Canfield man carves out his own niche with wood hobby
CANFIELD — Ray DeBonis has spent a lifetime creating things, whether in factories, at home or at a weekly wood carving group.
DeBonis grew up in Hubbard, worked as a teenager at the A & P in the McGuffey Plaza, and married his high school sweetheart, Carol, 63 years ago. They have three children: a teacher, an aeronautical engineer and an attorney, as well as two grandchildren.
“We were blessed with a smart family– thanks to Carol,” he said.
After high school, DeBonis worked at Commercial Shearing in Youngstown and joined the Army Reserves for welding instruction. In 1962, the newlyweds just settled into their apartment on Hager Street in Hubbard when he was called to active duty. It caught him by surprise, but it was shortly after the Berlin Wall was erected and during the Cuban Missile Crisis. The country was at the height of the Cold War, and the military needed to be at full strength.
He was stationed at Fort Bragg. “We were a pipeline unit. We built storage tanks and ran pipes for storage tanks.”
He was expecting to be sent to France, but a unit from Louisiana was called instead, and after a year he was able to return home.
DeBonis was hired at General American Transportation (GATX) in Masury building railroad cars. Eventually he complained to Carol, “This is crazy. It’s hot in the summer and cold in the winter and I’m tired of this.” Carol told him, “You need to do something about it,” so with her encouragement he attended Youngstown State University and obtained a degree in metallurgy.
This culminated in employment as a welding engineer at Greenville Steel Car Co., back to GATX, and eventually Pittsburgh Forging. He retired in 2002.
But a family trip to North Carolina more than 40 years ago ignited his passion.
“On the way home, I kept seeing these signs for a decoy factory so we stopped. I’m looking at the painted ones and Carol says, ‘They have these kits. Why don’t you buy one?’ What I got was a body and a head. The head was loose so you could position it however you wanted. And painting instructions like paint-by- numbers and eyes in a plastic bag.”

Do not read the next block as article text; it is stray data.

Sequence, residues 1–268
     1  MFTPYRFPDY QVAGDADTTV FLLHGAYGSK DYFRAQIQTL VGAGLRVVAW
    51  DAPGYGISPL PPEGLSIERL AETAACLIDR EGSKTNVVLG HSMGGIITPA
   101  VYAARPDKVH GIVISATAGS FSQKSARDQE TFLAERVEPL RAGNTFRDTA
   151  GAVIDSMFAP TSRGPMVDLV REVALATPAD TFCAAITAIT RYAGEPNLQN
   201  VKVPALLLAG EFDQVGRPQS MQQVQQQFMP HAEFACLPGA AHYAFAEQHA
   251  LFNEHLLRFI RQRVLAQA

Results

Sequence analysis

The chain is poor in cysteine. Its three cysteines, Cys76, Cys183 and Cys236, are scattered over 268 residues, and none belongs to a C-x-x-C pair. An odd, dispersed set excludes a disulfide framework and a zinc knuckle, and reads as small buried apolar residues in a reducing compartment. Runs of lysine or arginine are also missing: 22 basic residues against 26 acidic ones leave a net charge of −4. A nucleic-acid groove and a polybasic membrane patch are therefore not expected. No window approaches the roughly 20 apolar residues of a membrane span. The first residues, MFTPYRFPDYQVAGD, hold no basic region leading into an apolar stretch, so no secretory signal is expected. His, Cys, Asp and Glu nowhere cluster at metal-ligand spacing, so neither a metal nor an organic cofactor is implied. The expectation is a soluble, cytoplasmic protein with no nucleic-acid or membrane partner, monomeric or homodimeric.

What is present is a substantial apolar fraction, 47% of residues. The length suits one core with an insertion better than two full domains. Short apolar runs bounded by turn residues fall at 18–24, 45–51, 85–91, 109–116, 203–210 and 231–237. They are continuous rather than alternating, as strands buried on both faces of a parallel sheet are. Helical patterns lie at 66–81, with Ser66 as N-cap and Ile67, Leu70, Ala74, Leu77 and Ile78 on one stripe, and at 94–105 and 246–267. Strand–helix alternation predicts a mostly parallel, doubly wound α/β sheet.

A few years later, his secretary bought him a book about carving. “I still have that book.”
He began creating his own decoys. He eventually branched out to other birds. He carved walking sticks with exotic faces on them, taking special care not to “knock the person next to you in the head when you flip it around.” An angel in the living room is what he considers his best effort. He has a box full of wooden Christmas ornaments. And he has made more Santa Clauses than anyone can count.
Every year, he looks for a different image of St. Nick. He sketches it in pencil and uses his drawing as a pattern. He then spends a few months bringing a gang of them to life to give to his family as Christmas presents.
His latest challenge is a wooden potato for an upcoming potato bake at Canfield Presbyterian Church, where they are longtime members. Carol noted that he “doodles on the attendance pad every Sunday” in search of new ideas.
Several years ago, DeBonis’s brother-in-law started going to a carving group at Park Vista.
“He kept wanting me to come. Finally I started going, and I just stayed there,” he said.
It is now run by the Ohio Living Vivo Center located in First Presbyterian Church on Wick Avenue and meets every Wednesday. Although he utilizes his basement workshop, he’ll take pieces to the meetings to continue working and getting feedback.
This is in addition to Carol, who said, “I get to make suggestions.” Ray agreed. “Let me tell you, she’s a critic.”
DeBonis has been involved in the Youngstown Model Railroad Association, and he owns a 1940 Ford.
“I’ve always been a gearhead. My closest friend in Hubbard collects Hudsons. I call them the upside-down bathtub. We always tried to build hot rods back when you went to the junkyard instead of ordering parts on the internet.”
Besides the carving group, Vivo Center director Mona Mangiarelli recently started a prostate support group. As a longtime cancer survivor, DeBonis agreed to join them. He first had surgery in 1994 and said, “it’s been a dogfight ever since.” He has dealt with atrial fibrillation and recent congestive heart failure. But he takes his health issues in stride and jokes, “I’m a walking knucklehead.”
Although DeBonis’s hobby is labor-intensive, he said carving gives him a feeling of peacefulness. When he completes a project, it is gratifying to see the result.
In addition, he enjoys the weekly meetings and the friendships that have developed, noting the conversations are as important as the carving.
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